Nazm's airy dismissal to the contrary, on close inspection this turns out to be a subtly multivalent verse. For are the negations are designed to leave a loophole for the speaker (no one else; never arose before), or to apply to the speaker's case as well (no one at all; never arose at all)? A common-sense reading suggests the first interpretation; a strict attention to grammar suggests the second. Certainly neither can be ruled out.

The first line offers two distinct possibilities. (1a): Specially assigned to the speaker's name is that unique kind of sorrow that no one else has ever received; this suggests that God (or fate, or destiny) takes particular care about him, and carefully assigns him the worst kind of sorrow, one that is not assigned to anybody else. (1b): Assigned to the speaker's name is that random batch of leftover, surplus, unwanted sorrow that no one received; this suggests that fate disdainfully treats him as a kind of dumping ground, and offloads onto him all the leftover dregs of sorrow and woe that hadn't been used for others.

The second line offers the same two possibilities, and other complexities as well. (2a): In the speaker's work/desire is that unique kind of affliction that did not ever previously arise; thus his work/desire is more tumultuous, powerful, disruptive than anyone else's has ever been before. (2b): In the speaker's work/desire is that affliction that did not arise at all; thus his work/desire is characterized by-- what? a phantom affliction, a failed turmoil that doesn't really manage to exist? A special 'nonbeing' kind of affliction, that only latently or imperceptibly manifests its power? (Consider {5,3} in this regard.) The implications are not too clear, but the statement itself in the verse is emphatic and unambiguous: the speaker's kind of affliction is that specific kind that didn't arise.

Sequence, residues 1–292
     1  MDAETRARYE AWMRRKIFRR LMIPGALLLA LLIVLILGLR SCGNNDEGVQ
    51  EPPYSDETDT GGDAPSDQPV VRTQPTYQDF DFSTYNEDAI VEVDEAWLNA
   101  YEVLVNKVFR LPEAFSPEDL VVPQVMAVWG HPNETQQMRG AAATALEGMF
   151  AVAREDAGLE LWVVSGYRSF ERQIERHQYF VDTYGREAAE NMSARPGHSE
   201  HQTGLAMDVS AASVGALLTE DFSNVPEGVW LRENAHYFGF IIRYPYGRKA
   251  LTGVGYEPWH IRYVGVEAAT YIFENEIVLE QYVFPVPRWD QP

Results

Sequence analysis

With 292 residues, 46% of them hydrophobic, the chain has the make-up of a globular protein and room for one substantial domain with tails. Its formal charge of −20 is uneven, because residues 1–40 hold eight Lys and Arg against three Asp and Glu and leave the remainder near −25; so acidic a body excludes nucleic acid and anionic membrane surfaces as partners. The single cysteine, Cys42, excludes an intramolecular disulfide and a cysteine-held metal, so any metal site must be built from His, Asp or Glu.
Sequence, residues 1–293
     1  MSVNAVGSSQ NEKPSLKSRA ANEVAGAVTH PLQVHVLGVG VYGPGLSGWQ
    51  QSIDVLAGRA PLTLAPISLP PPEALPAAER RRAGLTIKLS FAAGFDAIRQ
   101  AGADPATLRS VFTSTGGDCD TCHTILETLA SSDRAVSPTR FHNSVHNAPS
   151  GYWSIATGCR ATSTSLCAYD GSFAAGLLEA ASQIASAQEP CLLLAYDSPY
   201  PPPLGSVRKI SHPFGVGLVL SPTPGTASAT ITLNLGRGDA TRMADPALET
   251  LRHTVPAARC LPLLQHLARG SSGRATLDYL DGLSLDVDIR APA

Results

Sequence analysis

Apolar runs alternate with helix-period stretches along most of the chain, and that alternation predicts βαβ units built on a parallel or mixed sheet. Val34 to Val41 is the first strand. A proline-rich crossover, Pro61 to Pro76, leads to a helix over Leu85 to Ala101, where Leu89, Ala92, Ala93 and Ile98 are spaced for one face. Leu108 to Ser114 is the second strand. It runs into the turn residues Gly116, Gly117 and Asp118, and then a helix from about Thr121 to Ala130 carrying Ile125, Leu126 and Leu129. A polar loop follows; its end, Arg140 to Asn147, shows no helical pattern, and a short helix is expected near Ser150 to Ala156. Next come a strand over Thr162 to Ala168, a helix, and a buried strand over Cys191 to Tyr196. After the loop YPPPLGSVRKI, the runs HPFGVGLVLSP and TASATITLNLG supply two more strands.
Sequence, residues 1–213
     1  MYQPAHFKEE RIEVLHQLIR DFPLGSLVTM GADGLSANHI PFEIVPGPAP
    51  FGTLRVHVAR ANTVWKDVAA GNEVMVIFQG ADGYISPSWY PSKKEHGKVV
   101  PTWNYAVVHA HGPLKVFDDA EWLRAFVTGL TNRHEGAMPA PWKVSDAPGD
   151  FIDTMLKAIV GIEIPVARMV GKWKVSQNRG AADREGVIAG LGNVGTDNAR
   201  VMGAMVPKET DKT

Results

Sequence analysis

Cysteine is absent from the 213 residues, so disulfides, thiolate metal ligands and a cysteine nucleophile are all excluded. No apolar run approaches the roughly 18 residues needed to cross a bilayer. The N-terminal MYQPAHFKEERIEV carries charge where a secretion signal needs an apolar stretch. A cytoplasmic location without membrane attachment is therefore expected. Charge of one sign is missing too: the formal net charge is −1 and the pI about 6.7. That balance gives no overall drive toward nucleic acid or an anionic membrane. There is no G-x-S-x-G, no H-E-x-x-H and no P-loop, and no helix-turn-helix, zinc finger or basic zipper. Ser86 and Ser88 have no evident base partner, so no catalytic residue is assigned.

In the present verse, both the main meanings of kaam are of course appropriate: if we take kaam as 'desire', then the speaker's kind of desire is either the wildest, most turmoil-producing kind imaginable, a kind heretofore unseen; or else a strange, unheard-of kind that doesn't create turmoil. Why doesn't it? Because of its hopelessness and his weakness? because of his self-control (see {22,5} for more on this)? Because of its special 'nonbeing' status?

And if we take kaam as 'work, activity', then we have the same choices, along with others. When the speaker tries to work in the world, to achieve his purposes, he creates either the most unprecedented affliction-- or no affliction at all. Then there are the interpretations of the Bekhuds. Bekhud Dihlavi takes mere kaam me;N to mean not 'in the work I am doing' but 'in the work being done on me'-- by fate, or some other outside agency. Bekhud Mohani offers a similar reading: 'in my work such affliction arises'-- not from the work itself, but in opposition to the work, by some (unspecified) outside force or fate that is engaged in thwarting it.

What an enjoyable, imaginative range of choices! I wonder whether Nazm would agree that all these possibilities in fact exist, or whether he would insist on ignoring most of the meanings and considering whichever ones he favored to be 'clear'.